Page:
Date of Award


Degree Name

Doctor of Philosophy


Industrial and Entrepreneurial Engineering and Engineering Management

First Advisor

James Burns, Ph.D.

Second Advisor

Azim Houshyar, Ph.D.

Third Advisor

Timothy J. Greene, Ph.D.

Fourth Advisor

Nasrin Mohabbati, Ph.D.


Multi-objective optimization, resilience, stochastic programming, supply chain network design, sustainability


Supply chain resilience (SCRES) and sustainable supply chain management (SSCM) have garnered significant attention in the field of Supply Chain Management (SCM) science. This heightened interest is largely attributable to the increasing frequency and severity of uncertainty and disruptions in global supply chains. Resilience is a beneficial approach to managing uncertainties and preparing for and mitigating the adverse consequences of Supply Chain (SC) disruptions. Sustainability is a key concept in SCM, driven by governmental regulations and heightened stakeholder and customer concerns for environmental and societal well-being. Studies on SCRES have traditionally focused on preparing for and reacting to disruptions and neglected sustainability factors, while SSCM research has incorporated environmental and social considerations into supply chain decision-making processes without addressing SC disruptions and uncertainty. However, due to the dynamic and complex business environment, a need has emerged to bridge the gap between these two areas of study and consider them simultaneously in SC decision-making processes.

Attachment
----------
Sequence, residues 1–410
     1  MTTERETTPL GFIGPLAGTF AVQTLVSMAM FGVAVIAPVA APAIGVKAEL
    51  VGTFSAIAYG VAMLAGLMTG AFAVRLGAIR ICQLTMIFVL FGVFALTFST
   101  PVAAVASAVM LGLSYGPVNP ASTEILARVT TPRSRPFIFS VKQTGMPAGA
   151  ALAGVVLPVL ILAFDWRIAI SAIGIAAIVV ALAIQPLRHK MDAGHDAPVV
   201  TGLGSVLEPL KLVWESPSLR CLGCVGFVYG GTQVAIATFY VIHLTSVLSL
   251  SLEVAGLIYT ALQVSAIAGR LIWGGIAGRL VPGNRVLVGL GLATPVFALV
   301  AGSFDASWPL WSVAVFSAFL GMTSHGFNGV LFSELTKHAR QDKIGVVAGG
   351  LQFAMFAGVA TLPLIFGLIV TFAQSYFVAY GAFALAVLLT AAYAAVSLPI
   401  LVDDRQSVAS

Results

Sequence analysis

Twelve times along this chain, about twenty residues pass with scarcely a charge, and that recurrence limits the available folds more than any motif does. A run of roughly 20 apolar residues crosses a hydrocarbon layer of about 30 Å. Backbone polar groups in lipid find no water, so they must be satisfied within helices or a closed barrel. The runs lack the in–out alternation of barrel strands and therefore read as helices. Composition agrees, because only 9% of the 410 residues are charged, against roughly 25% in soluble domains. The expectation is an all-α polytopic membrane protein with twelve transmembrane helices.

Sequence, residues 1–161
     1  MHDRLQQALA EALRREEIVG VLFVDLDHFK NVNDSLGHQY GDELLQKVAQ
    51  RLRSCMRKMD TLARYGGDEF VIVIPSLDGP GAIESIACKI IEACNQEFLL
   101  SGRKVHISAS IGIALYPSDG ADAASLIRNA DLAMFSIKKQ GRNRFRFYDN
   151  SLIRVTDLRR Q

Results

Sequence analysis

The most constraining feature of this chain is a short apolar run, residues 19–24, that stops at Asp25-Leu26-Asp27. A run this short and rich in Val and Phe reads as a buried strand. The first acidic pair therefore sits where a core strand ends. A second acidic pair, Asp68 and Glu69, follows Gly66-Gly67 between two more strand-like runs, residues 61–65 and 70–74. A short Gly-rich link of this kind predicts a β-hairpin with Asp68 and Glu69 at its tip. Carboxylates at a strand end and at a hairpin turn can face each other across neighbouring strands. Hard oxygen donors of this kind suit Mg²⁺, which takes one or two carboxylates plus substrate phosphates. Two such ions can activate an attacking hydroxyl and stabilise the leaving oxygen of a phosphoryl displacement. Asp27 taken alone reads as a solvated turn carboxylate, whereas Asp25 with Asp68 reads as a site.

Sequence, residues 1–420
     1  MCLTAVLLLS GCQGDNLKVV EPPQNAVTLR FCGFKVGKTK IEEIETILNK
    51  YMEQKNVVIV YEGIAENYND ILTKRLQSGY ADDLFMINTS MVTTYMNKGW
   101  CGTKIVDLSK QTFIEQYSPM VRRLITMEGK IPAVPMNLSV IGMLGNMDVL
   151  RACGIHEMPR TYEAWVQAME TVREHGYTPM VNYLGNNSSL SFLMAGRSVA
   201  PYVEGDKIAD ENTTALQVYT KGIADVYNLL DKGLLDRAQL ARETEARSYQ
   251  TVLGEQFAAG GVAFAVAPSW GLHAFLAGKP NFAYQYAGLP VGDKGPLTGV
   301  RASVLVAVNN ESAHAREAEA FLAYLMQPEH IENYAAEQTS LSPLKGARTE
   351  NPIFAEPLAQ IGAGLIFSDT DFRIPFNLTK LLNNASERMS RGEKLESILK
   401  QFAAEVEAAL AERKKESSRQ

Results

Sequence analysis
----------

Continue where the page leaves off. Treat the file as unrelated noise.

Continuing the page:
This dissertation contributes to the literature of supply chain management by developing a multi-objective, two-stage stochastic optimization modeling approach that considers SCRES and SSCM concurrently. Following SC modeling conventions, the model addresses economic, iii environmental, social, and resilience objectives while accounting for potential disruptions that are related to demand and supplier capacity fluctuations. It integrates resilience strategies, namely backup resources, along with sustainability measures including operations and transportation emissions, energy consumption, and job creation. The augmented e-constraint (AUGMECON) method is employed to derive optimal solutions for this multi-objective problem. Numerical examples are presented to validate the presented model and highlight its practical capabilities that will help decision-makers to make more insightful decisions. In addition, the modeling approach applied in this study is compared with other modeling approaches to indicate the advantages of the presented model. Results from the numerical experiment indicate that the developed model is an effective tool supply chain decision-makers can use to incorporate SCRES and SSCM objectives into their strategic and tactical decisions.

Access Setting

Dissertation-Open Access